Naqsh-i Rustam in Islamic Iran: the construction of an identity

All they ask is attention, and they get it, like a child or Hitler

Robert Byron has never shown much interest in pre-Islamic Persian art. Similarly, when he arrived in Naqsh-i Rustam, on the 1st of March 1934, he was not at all impressed by the remains of the Persian civilizations. In his travelogue, he certainly recognizes the historical importance of the ruins of Naqsh-i Rustam. He underlines, for instance, that The carvings on the cliff at Naksh-i-Rustam range over twenty centuries, from Elamite to Achemenian to Sasanian”, and he adds, later on “In this one sentence of gigantic ideographs, they have recorded a crucial moment in the history of human ideas, when the divine right of kings emerged from prehistory to the modern world”. But when it comes to describing the altars, tombs, inscriptions, the artistic and architectural value of the place, his comments are blunt: “two fire-altars of uncertain date and an Achemenian tomb-house. Only the last is beautiful. The rest are negative art or repellent. […] Each is carved with a tedious uniformity of low reliefs”.

Panoramic view of the Naqsh-i Rustam. WikiCommon (link).

Talking about the Naqsh-i Rustam, its long history and all the details of the carvings and inscriptions, would be impossible to me: I’m not expert in the field and do not want to undertake such endeavor.

What I would like to talk about instead, is the ruins as seen in the Islamic period.

If Robert Byron had observed the “tedious uniformity of low relief” more closely, he would have discovered traces of two men in Buyid times that paid a visit to the ruins of their ancestors and recorded their visit carving few phrases.

The triumph of Shapur I over the Roman emperors Valerian and Philip the Arab. WikiCommon.

In F. Michael Feener’s ‘Muslim Cultures and Pre-Islamic Pasts: Changing Perceptions of “Heritage”’, published in the beautiful book The Making of Islamic Heritage, by Rico, the author meditates on the meaning of the pre-Islamic ruins for Muslim communities through times. He focuses on the case of Egypt, Indonesia, and India. When we talk about the Naqsh-i Rustam, it is important to keep in mind not only the ancient history of Persia but also the symbolical value of the pre-Islamic monuments and the meaning they have acquired through time.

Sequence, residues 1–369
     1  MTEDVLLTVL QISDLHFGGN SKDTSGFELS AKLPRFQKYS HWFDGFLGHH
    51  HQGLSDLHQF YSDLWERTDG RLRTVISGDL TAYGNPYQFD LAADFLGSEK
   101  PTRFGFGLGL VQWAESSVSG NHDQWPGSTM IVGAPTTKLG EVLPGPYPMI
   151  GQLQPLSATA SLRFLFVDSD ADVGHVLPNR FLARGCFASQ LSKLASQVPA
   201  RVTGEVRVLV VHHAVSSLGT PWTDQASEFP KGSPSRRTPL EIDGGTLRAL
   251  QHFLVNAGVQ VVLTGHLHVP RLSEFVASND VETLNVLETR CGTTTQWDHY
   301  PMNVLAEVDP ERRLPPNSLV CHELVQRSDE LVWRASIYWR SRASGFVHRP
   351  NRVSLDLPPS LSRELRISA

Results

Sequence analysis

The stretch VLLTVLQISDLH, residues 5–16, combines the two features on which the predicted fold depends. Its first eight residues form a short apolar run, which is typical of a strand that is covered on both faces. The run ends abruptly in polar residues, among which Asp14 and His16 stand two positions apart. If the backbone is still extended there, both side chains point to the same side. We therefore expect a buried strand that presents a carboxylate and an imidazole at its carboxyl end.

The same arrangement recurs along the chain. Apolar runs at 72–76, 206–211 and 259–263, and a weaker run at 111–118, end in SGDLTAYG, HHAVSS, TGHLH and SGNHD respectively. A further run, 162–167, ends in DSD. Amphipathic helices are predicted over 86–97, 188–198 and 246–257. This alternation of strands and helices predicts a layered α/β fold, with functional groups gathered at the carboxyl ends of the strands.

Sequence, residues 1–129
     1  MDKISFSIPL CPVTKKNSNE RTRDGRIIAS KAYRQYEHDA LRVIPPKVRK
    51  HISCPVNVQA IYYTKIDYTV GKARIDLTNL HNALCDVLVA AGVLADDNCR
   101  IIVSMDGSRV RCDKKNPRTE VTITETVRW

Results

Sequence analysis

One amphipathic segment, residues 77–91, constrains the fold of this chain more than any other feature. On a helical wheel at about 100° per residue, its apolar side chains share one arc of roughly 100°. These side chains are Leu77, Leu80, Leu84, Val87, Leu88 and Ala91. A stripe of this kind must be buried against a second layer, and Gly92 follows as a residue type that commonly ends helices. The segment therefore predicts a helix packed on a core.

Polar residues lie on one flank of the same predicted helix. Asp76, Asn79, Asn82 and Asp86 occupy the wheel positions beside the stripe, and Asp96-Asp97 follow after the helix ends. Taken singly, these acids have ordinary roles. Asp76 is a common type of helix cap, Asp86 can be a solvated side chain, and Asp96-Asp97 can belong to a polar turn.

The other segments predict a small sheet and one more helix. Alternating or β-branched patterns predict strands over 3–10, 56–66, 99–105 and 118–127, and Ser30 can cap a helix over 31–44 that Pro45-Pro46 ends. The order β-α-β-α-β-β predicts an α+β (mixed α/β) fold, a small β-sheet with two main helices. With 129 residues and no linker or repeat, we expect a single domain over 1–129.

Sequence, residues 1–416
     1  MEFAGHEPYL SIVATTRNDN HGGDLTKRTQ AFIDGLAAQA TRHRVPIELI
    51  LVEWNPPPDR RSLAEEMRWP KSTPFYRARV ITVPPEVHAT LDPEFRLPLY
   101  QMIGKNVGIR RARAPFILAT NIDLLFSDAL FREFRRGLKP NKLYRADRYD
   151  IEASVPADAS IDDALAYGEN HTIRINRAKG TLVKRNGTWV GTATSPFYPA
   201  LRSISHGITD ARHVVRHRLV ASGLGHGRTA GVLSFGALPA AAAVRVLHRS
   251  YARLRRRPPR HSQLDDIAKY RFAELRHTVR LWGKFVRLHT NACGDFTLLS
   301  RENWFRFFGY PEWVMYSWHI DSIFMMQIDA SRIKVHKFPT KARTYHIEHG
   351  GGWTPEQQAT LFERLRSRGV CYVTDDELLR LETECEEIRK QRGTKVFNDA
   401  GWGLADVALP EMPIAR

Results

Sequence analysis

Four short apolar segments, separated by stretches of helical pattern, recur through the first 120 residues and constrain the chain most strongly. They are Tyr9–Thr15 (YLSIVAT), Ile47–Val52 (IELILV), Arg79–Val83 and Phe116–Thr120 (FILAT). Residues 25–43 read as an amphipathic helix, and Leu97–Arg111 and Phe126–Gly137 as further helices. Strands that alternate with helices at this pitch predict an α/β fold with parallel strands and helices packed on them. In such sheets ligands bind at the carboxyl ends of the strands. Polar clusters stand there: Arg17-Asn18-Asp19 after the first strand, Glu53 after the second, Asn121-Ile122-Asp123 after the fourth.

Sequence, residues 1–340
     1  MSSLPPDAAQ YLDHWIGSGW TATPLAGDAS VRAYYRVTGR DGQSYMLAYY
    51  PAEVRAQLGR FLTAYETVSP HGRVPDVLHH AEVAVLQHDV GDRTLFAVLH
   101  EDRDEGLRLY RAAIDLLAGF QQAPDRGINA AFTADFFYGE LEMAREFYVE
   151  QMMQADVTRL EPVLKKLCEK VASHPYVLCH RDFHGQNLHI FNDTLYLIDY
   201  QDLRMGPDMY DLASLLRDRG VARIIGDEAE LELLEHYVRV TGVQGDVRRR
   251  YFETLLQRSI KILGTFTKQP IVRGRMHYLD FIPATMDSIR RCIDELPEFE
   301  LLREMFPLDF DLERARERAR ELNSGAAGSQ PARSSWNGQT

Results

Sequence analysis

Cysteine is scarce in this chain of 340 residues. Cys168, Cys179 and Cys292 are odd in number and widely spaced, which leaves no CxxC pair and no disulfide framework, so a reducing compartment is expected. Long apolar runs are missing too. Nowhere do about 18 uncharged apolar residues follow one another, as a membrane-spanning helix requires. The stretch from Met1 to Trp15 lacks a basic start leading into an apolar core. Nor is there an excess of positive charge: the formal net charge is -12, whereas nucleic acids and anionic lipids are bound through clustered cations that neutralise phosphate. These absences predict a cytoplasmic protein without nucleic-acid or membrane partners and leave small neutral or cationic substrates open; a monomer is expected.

In 1968, Gropp and Nadjmabadi surveyed a number of pre-Islamic monuments in Fars, among which the Naqsh-i Rustam. Their close inspection of the carvings revealed a rock-cut inscription, written in four lines in a simple Kufic style. It is written near the knee of Ardashir I, in the relief that shows the investiture of the king. The inscription reads:

 حضرا عثمن بن عفان وحمد بن موسى السيد النخاس من سيران
فى ولاية الامير الجليل عضد الدوله ابى شجاع بن ركن الدوله اطال الله بقاهما
حضر منصور … حاربا … سنة ثمان واربعين …

Translated as follows:

‘Uthman bin ‘Affan and Hamid bin Musa al-sayyd al-nahhas (?) from Siran were present under the sovereignity of the exalted amir ‘Adud al-Dawla Abu Shuja’ bin Rukn al-Dawla, may God prolong both their existances … in the year three hundred and forty-eight [959-960].

Naqsh-i Rustam. Photo by Robert Byron (link).

‘Adud al-Dawla was the Buyid ruler of the area, and he himself recorded his presence, pretty much with the same phrasing of this inscription, in Persepolis. In Persepolis also other inscriptions by the Buyids rulers are to be found. That fact has been explained by the virtual connection that the Buyids wanted to trace with their Persian ancestors.

The Buyids are part of the so-called Iranian intermezzo when minor dynasties originally from the Iranian plateau conquered the Iranian lands that were nominally under the ‘Abbasid caliph and ruled the place. The Buyids, as well as other dynasties, tended to draw a connection with the Persian Iranian past, particularly to the Sasanids, to justify their power.

What the inscription of the Naqsh-i Rustam underlines, is that the connection with the Sasanian past was not important only for the ruling class, but also for commoners in Buyid era. The two people the carved their names in Naqsh-i Rustam are nowhere to be found in historical sources: this inscription is the only mark they left in history.

This small inscription, then, make us think on the recognized importance of the pre-Islamic remains and their symbolic value in the construction of the identity during the Buyid period, a value not only exploited by the ruling class but also transmitted to the citizens.


S. S. Blair, The Monumental Inscriptions from early Islamic Iran and Transoxiana, Brill, Leiden 1992, pp. 36-37 (n. 8), ill. P. 222. [partially accessible via GoogleBooks]

H. Busse, “Iran under the Buyids”, in R. N. Frye (ed.), The Cambridge History of IranVol. 4 – The period from the Arab invasion to the Saljuqs, Cambridge University Press, Cambridge 1975, pp. 250-304.

Other important sources to know more about the Naqsh-i Rustam are the online article of the Encyclopaedia Iranica, and the collection of images put together by the University of Chicago.

Robert Byron took three photos of the Naqsh-i Rustam, available online at the website (1) (2) (3).






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